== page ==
Asperger’s isn’t what you think it is, the reality is far different
We need to talk about Sherlock
Sherlock’s finished, and mercifully so. Don’t get me wrong, I enjoyed the earlier seasons, with Holmes and Watson gallivanting around London solving mysteries, but the whole thing just got… well, it got a bit pompous. It gave itself a soapy element with the Watson/Mary storyline, and let itself collapse under its weight in the last season as complexities piled upon complexities, turning the whole show into an exercise in sensory overload.
Don’t worry, this isn’t a TV review, nor is it a rant about Gatiss and Moffat. Instead, it’s a commentary on the reality of living (and thriving) with Aspergers, and on how the shows which shape the common perception of the condition. Sherlock, The Big Bang Theory, etc, are both inaccurate and damaging.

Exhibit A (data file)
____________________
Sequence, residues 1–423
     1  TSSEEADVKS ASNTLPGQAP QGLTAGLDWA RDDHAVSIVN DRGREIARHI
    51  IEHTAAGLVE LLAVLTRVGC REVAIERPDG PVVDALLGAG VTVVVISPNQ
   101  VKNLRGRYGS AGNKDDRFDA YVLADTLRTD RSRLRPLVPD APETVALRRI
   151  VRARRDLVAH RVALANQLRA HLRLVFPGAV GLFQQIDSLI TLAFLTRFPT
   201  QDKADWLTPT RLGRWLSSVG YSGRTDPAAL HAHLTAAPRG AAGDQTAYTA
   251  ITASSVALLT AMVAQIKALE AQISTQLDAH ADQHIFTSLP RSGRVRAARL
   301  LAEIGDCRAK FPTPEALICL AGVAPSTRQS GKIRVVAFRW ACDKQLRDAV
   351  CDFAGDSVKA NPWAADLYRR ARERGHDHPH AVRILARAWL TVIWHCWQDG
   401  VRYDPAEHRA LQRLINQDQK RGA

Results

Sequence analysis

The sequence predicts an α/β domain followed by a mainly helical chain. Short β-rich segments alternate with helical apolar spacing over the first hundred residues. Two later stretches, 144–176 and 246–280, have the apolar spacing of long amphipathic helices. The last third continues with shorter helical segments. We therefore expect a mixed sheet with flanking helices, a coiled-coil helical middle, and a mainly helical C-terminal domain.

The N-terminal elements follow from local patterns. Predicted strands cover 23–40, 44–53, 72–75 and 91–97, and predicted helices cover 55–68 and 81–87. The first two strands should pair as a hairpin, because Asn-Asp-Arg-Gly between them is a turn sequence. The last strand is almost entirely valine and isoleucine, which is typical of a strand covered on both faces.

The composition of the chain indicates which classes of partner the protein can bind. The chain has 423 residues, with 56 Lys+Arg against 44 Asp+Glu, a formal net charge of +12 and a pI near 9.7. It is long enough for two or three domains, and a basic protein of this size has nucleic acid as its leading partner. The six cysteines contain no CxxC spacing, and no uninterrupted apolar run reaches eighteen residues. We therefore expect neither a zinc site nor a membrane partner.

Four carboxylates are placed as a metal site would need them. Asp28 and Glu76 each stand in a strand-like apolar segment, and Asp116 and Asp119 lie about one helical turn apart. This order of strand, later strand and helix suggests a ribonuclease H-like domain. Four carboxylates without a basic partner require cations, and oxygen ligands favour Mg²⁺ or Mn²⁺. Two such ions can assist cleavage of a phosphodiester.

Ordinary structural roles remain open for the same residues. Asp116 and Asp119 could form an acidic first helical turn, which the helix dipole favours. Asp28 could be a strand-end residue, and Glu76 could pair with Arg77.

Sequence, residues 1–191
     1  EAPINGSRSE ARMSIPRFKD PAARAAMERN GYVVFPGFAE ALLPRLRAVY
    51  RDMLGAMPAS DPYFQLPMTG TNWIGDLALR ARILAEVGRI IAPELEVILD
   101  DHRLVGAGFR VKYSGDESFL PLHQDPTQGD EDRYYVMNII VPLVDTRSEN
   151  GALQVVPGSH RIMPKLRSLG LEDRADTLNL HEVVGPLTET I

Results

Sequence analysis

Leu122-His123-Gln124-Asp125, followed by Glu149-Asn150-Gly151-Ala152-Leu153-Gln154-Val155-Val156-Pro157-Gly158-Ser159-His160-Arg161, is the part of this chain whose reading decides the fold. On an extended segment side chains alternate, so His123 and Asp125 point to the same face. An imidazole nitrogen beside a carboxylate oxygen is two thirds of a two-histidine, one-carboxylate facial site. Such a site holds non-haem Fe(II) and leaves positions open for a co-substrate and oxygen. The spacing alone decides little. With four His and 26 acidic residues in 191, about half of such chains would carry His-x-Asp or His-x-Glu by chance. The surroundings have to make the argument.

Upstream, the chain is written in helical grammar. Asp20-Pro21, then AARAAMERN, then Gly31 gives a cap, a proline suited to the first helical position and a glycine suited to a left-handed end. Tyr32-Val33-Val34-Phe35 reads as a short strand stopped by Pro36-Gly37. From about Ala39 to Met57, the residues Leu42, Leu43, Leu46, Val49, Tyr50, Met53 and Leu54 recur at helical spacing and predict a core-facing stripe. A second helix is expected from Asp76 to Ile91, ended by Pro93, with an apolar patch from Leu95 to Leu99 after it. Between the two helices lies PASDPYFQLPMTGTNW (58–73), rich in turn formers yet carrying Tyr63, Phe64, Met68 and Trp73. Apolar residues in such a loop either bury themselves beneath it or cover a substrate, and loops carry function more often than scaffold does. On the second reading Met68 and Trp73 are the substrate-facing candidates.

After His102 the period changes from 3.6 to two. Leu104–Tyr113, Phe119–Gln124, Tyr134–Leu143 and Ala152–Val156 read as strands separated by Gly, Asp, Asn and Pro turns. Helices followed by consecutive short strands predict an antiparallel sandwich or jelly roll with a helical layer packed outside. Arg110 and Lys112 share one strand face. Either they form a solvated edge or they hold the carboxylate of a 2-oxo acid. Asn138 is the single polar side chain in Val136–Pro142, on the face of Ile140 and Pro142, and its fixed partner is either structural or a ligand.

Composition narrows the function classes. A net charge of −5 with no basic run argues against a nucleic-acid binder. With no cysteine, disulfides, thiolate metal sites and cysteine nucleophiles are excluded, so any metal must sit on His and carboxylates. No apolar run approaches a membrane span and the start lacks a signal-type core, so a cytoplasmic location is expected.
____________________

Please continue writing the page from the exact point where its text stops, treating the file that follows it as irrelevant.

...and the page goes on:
For context, I have a mild case of Asperger’s, and have been diagnosed since I was three (back in the distant mists of toddlerhood). It’s managed, and I see it more as a tweak on my personality now, something which adds a dash of difference to my life. It gives me a way of seeing the world in a way I wouldn’t otherwise have, and it’s such a part of me that I wouldn’t change it for the world.
What is Asperger’s? Medically speaking, it’s a pervasive developmental disorder (i.e, a developmental condition which presents itself throughout an individual’s character, instead of with a single symptom) on the Autistic Spectrum. It manifests itself through an individual’s communication skills, interests and social interactions, and is often marked by a change in the way an individual processes external stimuli (such as body language).